The Saks buyer went nuts for them. She immediately started planning ads and windows. Dave and Phil were astonished. Another time, I burst into a business meeting of the big hit TV show, Hullabaloo, dancing around the room, wearing a fabulous black and white checkerboard Huk-A-Poo shift. The very next week all the Hullabaloo dancers wore it on the show.
Unexpectedly disaster struck. One day all US teenagers woke up and decided never to buy another quilted parka. It ended that quickly. In 1965 Antics/Madmax went bankrupt taking with it the fledgling Huk-A-Poo. Huk never meant to be profitable, couldn’t stand on its own. Dave and Phil had made their money but Joan and I were on the street looking for jobs. Luckily, I still lived at home.
“If you can bring it out at a cheap price, there is no limit to what we can sell”
Fast forward. Now an experienced salesperson, and working for two or three years for a more stable, less exciting junior sportswear company, Dave Binder approached me to join his new company, Pranx. Being a little gun shy, he kept upping the offer. I would receive a good salary, ample time for my adventure travels, and extra time at lunch, twice a week, to see my analyst. I couldn’t refuse. It started out a standard selling job until one day two knitwear designers came to show us their small collection of sweaters. Our eyes popped. They were fabulous! Quickly, Dave told me to run and show them to my friend the Macy’s knitwear buyer. She wrote a $30,000 order on the spot. Unheard of. Now he had to figure out where and how to get them made. Dave still owned the Huk-A-Poo name and brought it out of mothballs for the sweater collection. That was the start of what I call Huk-A-Poo 2. While the sweaters put it on the map, it is the printed nylon shirt that sent it to the moon. It became one of the hottest junior sportswear companies in the 1970s.
How the nylon printed shirt came to Huk-A-Poo is another extraordinary story. The junior sportswear buyer from a major New York store brought Dave a printed nylon shirt retailing for close to $30, saying he couldn’t keep it in stock. He pleaded, “If you can bring it out at a cheap price, there is no limit to what we can sell.” Dave flew immediately to the Orient to arrange production and determined the magic retail price to be $11. From the first shipment we delivered two dozen shirts to Famous Barr in St. Louis for weekend selling. Jim Prager, the buyer called me at 8:30 AM Monday morning to say they flew out by Saturday noon, “send more”. I ran into Dave’s office and shouted, “Hock the family…make nylon shirts.”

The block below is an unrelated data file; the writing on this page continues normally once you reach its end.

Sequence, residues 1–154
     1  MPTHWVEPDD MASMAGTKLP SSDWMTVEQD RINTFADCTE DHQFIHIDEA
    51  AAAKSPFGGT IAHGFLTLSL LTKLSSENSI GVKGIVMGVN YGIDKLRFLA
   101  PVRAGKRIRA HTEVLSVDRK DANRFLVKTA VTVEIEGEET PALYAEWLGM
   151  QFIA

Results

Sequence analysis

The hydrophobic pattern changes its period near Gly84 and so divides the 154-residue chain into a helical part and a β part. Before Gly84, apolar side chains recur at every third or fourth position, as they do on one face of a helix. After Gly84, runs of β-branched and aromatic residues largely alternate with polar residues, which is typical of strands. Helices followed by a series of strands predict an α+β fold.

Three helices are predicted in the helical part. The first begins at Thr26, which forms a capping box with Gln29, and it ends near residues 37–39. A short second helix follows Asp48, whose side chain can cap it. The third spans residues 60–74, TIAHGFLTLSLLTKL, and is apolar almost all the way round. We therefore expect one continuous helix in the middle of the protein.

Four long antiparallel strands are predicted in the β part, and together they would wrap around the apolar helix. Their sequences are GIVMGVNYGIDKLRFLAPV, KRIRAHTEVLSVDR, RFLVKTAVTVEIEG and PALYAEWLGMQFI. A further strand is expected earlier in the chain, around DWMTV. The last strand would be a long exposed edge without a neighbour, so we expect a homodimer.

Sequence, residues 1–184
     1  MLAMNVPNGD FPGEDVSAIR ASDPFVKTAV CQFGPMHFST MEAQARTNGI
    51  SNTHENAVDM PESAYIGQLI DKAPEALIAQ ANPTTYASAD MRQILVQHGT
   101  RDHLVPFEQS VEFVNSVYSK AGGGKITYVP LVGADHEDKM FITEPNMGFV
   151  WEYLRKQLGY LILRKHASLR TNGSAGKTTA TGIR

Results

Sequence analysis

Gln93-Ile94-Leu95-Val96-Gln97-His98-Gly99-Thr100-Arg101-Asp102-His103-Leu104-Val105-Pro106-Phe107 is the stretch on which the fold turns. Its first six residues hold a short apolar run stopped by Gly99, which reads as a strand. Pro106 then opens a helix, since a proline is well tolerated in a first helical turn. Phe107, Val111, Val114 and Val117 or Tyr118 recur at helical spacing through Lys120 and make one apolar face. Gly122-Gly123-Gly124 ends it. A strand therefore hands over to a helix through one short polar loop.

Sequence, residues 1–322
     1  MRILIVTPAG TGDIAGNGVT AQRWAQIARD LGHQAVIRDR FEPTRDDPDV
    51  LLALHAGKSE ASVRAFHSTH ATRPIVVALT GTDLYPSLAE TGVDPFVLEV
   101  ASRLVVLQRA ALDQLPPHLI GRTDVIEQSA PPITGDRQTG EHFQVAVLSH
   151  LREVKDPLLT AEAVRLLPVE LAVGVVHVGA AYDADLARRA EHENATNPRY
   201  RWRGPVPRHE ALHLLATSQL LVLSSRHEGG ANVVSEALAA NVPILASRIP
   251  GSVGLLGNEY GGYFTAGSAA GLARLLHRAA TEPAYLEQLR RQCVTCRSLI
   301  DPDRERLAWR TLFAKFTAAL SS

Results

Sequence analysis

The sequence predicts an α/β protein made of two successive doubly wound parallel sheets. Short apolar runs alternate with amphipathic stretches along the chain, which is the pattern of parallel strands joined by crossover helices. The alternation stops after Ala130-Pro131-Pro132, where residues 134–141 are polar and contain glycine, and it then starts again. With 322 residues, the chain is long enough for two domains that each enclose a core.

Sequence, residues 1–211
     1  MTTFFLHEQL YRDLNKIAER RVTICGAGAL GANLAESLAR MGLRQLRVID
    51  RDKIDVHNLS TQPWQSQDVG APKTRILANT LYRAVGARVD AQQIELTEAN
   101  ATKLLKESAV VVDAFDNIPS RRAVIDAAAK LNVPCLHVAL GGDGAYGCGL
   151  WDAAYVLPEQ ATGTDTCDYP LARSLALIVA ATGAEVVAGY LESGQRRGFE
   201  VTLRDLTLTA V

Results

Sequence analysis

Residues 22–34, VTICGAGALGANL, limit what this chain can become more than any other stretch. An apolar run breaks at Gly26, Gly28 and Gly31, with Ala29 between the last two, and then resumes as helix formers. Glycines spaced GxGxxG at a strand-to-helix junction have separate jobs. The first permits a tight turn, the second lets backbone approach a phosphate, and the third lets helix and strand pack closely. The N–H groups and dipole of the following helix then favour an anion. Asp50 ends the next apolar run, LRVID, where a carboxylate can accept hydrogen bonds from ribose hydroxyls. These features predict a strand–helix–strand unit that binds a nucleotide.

Traditionally, the young junior sportswear customer is very fickle. She falls in love and falls out of love very quickly. It didn’t happen here. What makes this story so special is that the nylon printed shirt remained HOT for years, ultimately selling in the millions under the Huk-A-Poo name.
“In those days women didn’t go on the road lugging samples”
In the mid 1970s, Huk-A-Poo contributed so much volume to Macy’s that Ed Finkelstein, the president, personally invited me to sit next to him at the Thanksgiving Day Parade. That’s success! Extraordinary retailing personalities came out of the junior sportswear business in the 1970s. Les Wexner, who later founded The Limited Stores, was just the buyer at his parent’s clothing shop near the campus of Ohio State in Columbus when I flew there to sell him Huk-A-Poo shirts. In California, I remember schlepping my big flowered sample case on wheels up the stairs to the buyer’s office on the second floor to sell Huk-A-Poo shirts to The Gap, the first piece of non-Levi merchandise the store ever bought. In that instance I had an appointment with the buyer, but many times I didn’t. In which ever city I, unexpectedly, turned up, what buyer would refuse to see a young woman struggling with a big sample case on wheels decorated with colorful posies? Nobody! I got in to see everyone and they all bought.
There are so many fabulous stories. When the quota on nylon shirts ran out, Dave had bottoms basted on in HK and brought them in as body suits. He arranged a room where senior citizens removed the threads and, voila, shirts emerged. Another time, on our accountant’s advice, using various pens and multi colored pencils, I sat up an entire night rigging my previous year’s calendar before a tax audit.
The US Government subpoenaed me to appear before a committee on price fixing. Of course we did, but I refused to testify. With my family background I was scared to death. Dave denied guilt but agreed to discontinue certain practices.
On a much higher note, Huk-A-Poo started a baseball team, challenging Macy executives. Maybe we let them win. And in 1978, I arranged for the Metropolitan Museum of Art to accept Huk-A-Poo into its Costume Institute, the first contemporary clothing to be admitted.
Dave Binder, a true entrepreneur, an intellectual, and a family man, respected women’s abilities and paid them accordingly. As his number two person, I earned six figures when men did not. In those days women didn’t go on the road lugging samples. He gave me the opportunity to stretch my wings and try anything. We worked together for almost twenty years when again the time had come for me to move on. I started my own “Jerri Sherman Ltd” label in 1981. My business lasted for 15 successful years. I didn’t wind up in the Metropolitan Museum’s Costume Institute but I did turn up in Barbra Streisand’s closet. I look forward to writing that remarkable story.